07/26/2012 05:20 pm ET Updated Oct 06, 2012

On "Exotic" Parenting

When our baby boy Surya was five-months-old, he (finally) started to sleep longer stretches at night. It was a pleasure to be slightly less strung out. Then...

He stopped sleeping for stretches longer than 45 minutes.

My upstairs neighbor and comrade-in-motherhood, Carol, hypothesized that he had suddenly realized that he was waking up alone and needed to get his parent's attention. If true, while an utterly insane regression in sleep habits, this would at least be a small step in cognitive development (Carol is sunny that way).

Surya has two sets of fawning grandparents -- one American, the other Indian. My husband and I had become fluent in narrating baby anecdotes and minutia twice a weekend on Skype. That Sunday, we spoke about the multiple awakenings and floated the notion that he was learning to recognize being alone in his crib. Michael's parents heard us out and immediately grasping the situation: "It's time to start showing that little boy who's boss." They emphasized that he should start falling asleep on his own and it was important to get our own lives back!

As soon as we hung up, a call rang in from India. We narrated the same story in a similar four-way conversation. My mother, upon hearing that Surya might be recognizing and responding to a realization of being alone in the crib, gushed: "Wow, he is so advanced! Its amazing he has figured out how to communicate with this parents!" (She, incidentally, has never been interested in sleep and routinely functions on only a few hours; the implications of Surya's sleep deprivation torture techniques upon his parents never registers.)

We doubled up with laughter at these absurdly contradictory reactions.

To us, and to the Indian and American friends to whom we related it, this little anecdote exemplified cultural difference -- the parent-centric, mildly detached Western approach that aims at fostering independence, even in a five month-old baby, versus the smothering, child-centric Indian approach that assumes complete dependency of babies upon their parents. During those early days of innocence and inexperience, I felt nothing but pleasure at the diverse, complex, sometimes contradictory and often hilarious world our baby would grow up in.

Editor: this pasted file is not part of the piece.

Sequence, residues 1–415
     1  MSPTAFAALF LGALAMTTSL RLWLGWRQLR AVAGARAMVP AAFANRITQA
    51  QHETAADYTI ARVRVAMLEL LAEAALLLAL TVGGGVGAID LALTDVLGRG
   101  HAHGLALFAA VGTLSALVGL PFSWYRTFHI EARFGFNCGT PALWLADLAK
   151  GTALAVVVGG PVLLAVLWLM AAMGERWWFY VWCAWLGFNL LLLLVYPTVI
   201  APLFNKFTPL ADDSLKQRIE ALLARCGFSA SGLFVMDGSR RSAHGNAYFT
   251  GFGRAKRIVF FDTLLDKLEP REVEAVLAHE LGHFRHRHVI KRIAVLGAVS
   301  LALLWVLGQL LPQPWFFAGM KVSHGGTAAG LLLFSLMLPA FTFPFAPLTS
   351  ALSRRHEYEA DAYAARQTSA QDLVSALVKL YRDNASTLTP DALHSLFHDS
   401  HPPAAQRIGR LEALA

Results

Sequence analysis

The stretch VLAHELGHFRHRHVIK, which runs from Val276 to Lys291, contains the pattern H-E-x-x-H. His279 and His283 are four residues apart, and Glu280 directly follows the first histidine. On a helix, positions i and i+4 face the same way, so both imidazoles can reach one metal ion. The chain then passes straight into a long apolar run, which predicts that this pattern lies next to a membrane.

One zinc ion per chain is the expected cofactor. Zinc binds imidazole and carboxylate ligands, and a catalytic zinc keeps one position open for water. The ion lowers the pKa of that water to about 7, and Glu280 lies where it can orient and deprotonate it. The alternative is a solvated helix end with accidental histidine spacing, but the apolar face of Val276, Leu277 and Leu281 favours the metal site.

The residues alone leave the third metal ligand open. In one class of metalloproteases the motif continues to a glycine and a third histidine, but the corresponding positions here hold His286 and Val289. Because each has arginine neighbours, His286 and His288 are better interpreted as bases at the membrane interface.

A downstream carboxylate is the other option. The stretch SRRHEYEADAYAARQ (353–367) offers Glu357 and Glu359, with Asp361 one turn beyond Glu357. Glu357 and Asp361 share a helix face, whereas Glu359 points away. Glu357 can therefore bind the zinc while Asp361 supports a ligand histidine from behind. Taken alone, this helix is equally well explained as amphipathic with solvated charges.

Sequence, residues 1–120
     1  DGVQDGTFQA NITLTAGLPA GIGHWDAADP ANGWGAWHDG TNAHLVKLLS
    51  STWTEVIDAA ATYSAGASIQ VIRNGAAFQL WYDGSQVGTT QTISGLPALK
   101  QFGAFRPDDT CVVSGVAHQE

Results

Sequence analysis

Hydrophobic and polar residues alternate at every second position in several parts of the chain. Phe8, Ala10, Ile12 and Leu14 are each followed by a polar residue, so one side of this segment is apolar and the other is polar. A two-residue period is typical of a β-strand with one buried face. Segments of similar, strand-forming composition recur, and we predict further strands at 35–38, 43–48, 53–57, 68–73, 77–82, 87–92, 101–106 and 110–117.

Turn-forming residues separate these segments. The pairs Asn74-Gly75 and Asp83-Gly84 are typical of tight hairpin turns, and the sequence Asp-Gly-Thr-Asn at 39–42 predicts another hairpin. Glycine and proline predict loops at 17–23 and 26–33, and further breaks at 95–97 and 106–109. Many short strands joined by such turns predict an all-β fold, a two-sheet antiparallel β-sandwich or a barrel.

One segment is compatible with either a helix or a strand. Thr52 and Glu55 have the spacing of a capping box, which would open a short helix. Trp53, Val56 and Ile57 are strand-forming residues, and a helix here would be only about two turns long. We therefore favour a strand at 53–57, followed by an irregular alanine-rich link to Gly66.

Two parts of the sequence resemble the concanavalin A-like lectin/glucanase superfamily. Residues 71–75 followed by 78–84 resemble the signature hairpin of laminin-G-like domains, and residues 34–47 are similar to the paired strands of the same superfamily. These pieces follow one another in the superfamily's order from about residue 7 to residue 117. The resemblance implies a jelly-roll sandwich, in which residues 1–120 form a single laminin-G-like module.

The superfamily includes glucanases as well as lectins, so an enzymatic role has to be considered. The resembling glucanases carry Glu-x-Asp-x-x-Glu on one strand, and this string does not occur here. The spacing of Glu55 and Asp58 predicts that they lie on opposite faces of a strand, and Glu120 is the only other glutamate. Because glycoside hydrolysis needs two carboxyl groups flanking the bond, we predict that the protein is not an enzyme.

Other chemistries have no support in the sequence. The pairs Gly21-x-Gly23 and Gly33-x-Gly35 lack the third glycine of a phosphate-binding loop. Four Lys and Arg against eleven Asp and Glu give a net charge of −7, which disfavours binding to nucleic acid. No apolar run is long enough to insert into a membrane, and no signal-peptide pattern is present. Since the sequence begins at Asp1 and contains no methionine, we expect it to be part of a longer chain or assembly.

For weeks from then on, however, Surya's sleep patterns grew increasingly horrific, and his concurrent initiation into solid foods seemed irritating and impossible. As I piled up articles and books on sleep and parenting, I could not find anything that would work. The two cultures, which I had been excited to embrace only sent tangential, contradictory messages and for my decrepit sleepless state, it was no longer a laughing matter.

As it happens, this period concurred with the deluge of emails furiously forwarded around the parent community about the latest New York Times bestseller -- Battle Hymn of the Tiger Mother -- about a Chinese-American mom whose approach to parenting, while verging on abusive, had startled and excited the wired-in urban mothers of the U.S. The Wall Street Journal had cashed in on Amy Chua's memoir by excerpting the book with the sensational subtitle "Why Chinese Mothers are Superior"; in other words, they made it irresistible to the vast array of reading mothers searching for lifelines for any number of parenting challenges.

Reading reviews of the Chua's book and the ensuing controversy, I realized I had grown up with dozens of kids whose parents used an almost identically "firm" approach that, ultimately, is as Chinese as chicken tikka masala. Or apple pie; my blue-eyed American friend when I attended a liberal arts college in upstate New York had a father who was so strict and obsessive about grades that he chose all her courses such that her path would be an invariable march to medical school. She had never been asked who she wanted to be when she grew up, but rather had been forced to follow a parent's plan. Several friends, in fact, seemed to have "tiger" parents a la Amy Chua's Chinese depiction, and in accordance with her prediction, many had gone on to become incredibly high-achievers whose careers are now enviable and lucrative.

None of these friends, though, were Chinese. Looking to foreign, or "exotic" cultures for answers to universal parenting challenges, I was beginning to realize, is ridiculous. Bordering on racist.

A few months later, an even more ludicrous notion began to burn through American cyberspace: That French parenting is, in fact, the most superior. Pamela Druckerman's Bringing Up Bebe, another New York Times bestseller, seems meant to make American moms feel just about as low and awful as they possibly can. The French parents Druckerman depicts are no-nonsense. They're independent. They're beautiful. French women's vaginas are restored to pre-delivery elasticity (or something) by the state (for free). Their kids eat vegetables (even beets). They've got the secret formula.